Tools for integrated sequence-structure analysis with UCSF Chimera

BMC Bioinformatics. 2006 Jul 12;7:339. doi: 10.1186/1471-2105-7-339.

Abstract

Background: Comparing related structures and viewing the structures in the context of sequence alignments are important tasks in protein structure-function research. While many programs exist for individual aspects of such work, there is a need for interactive visualization tools that: (a) provide a deep integration of sequence and structure, far beyond mapping where a sequence region falls in the structure and vice versa; (b) facilitate changing data of one type based on the other (for example, using only sequence-conserved residues to match structures, or adjusting a sequence alignment based on spatial fit); (c) can be used with a researcher's own data, including arbitrary sequence alignments and annotations, closely or distantly related sets of proteins, etc.; and (d) interoperate with each other and with a full complement of molecular graphics features. We describe enhancements to UCSF Chimera to achieve these goals.

Results: The molecular graphics program UCSF Chimera includes a suite of tools for interactive analyses of sequences and structures. Structures automatically associate with sequences in imported alignments, allowing many kinds of crosstalk. A novel method is provided to superimpose structures in the absence of a pre-existing sequence alignment. The method uses both sequence and secondary structure, and can match even structures with very low sequence identity. Another tool constructs structure-based sequence alignments from superpositions of two or more proteins. Chimera is designed to be extensible, and mechanisms for incorporating user-specific data without Chimera code development are also provided.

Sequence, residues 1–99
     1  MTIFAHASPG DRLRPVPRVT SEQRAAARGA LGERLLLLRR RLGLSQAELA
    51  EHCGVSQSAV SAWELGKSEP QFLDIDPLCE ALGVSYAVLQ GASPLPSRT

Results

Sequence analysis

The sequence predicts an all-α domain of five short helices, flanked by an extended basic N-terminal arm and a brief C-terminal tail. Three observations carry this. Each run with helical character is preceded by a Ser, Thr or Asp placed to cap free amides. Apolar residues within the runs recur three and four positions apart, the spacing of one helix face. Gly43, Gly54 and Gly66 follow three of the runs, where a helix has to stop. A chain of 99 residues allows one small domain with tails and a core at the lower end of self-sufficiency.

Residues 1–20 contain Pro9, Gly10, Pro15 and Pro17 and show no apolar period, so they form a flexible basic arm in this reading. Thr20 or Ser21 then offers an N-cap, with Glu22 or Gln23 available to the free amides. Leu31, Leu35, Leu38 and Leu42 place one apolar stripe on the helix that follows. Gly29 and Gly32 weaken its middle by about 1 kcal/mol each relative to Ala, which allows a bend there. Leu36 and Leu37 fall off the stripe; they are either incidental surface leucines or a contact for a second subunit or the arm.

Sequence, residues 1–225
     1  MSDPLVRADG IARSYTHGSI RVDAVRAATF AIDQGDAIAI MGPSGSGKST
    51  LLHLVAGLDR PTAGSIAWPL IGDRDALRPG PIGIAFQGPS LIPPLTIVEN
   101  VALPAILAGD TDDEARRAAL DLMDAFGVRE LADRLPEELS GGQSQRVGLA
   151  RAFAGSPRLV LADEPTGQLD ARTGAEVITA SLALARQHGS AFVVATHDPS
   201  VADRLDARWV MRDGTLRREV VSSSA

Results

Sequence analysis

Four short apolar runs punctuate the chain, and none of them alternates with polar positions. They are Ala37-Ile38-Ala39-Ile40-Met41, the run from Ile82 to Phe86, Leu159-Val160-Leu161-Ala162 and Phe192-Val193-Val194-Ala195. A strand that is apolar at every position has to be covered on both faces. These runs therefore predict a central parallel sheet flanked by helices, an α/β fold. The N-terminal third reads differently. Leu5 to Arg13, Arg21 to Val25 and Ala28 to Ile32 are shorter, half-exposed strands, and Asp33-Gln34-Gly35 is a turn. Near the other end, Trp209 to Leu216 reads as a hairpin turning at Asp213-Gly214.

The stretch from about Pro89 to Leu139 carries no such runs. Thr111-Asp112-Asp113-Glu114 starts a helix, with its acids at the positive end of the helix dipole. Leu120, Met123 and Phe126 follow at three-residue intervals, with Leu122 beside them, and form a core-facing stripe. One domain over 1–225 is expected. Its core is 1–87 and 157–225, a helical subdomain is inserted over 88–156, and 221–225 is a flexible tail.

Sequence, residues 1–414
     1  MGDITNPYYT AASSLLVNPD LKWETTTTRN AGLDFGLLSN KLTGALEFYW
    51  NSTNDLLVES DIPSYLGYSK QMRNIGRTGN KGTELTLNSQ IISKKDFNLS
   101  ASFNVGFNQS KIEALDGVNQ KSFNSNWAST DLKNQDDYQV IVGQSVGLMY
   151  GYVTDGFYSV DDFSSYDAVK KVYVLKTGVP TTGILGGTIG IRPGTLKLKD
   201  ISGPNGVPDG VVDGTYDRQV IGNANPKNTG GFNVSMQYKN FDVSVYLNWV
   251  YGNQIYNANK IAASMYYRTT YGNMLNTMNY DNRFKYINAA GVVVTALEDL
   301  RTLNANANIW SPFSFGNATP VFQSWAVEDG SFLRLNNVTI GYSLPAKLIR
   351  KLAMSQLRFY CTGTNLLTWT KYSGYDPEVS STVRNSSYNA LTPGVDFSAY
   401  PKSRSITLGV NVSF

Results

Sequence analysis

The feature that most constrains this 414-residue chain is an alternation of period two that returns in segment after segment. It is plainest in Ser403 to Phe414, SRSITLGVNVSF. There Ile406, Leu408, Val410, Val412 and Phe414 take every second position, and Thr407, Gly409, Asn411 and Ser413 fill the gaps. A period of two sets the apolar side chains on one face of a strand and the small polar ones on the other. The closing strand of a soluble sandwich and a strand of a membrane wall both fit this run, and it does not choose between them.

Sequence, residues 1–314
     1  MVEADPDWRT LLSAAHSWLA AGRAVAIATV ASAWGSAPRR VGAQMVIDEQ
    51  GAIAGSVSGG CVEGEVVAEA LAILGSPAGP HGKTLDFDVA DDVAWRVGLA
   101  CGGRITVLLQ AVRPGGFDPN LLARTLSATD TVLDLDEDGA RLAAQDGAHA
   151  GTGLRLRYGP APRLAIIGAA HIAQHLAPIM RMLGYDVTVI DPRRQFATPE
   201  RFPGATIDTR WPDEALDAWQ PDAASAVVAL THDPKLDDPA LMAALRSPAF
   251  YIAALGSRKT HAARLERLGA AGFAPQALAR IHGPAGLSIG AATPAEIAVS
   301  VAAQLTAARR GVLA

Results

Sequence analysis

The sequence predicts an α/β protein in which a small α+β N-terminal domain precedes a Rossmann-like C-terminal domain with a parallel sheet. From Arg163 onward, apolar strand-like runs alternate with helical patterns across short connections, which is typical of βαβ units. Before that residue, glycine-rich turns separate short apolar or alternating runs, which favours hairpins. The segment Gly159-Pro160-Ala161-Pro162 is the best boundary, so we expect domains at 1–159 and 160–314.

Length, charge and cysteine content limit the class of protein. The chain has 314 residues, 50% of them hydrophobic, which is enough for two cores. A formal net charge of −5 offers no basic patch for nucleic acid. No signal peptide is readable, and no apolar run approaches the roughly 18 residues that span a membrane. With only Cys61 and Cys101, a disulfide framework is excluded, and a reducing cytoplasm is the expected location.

Conclusion: The tools described here apply to many problems involving comparison and analysis of protein structures and their sequences. Chimera includes complete documentation and is intended for use by a wide range of scientists, not just those in the computational disciplines. UCSF Chimera is free for non-commercial use and is available for Microsoft Windows, Apple Mac OS X, Linux, and other platforms from http://www.cgl.ucsf.edu/chimera.

Publication types

  • Evaluation Study
  • Research Support, N.I.H., Extramural

MeSH terms

  • Computer Graphics
  • Computer Simulation
  • Database Management Systems
  • Databases, Protein*
  • Models, Chemical*
  • Models, Molecular
  • Pattern Recognition, Automated / methods
  • Protein Conformation
  • Proteins / chemistry*
  • Proteins / classification
  • Proteins / genetics
  • Proteins / ultrastructure
  • Sequence Alignment / methods*
  • Sequence Analysis, Protein / methods*
  • Software*
  • Structure-Activity Relationship
  • Systems Integration
  • User-Computer Interface*

Substances

  • Proteins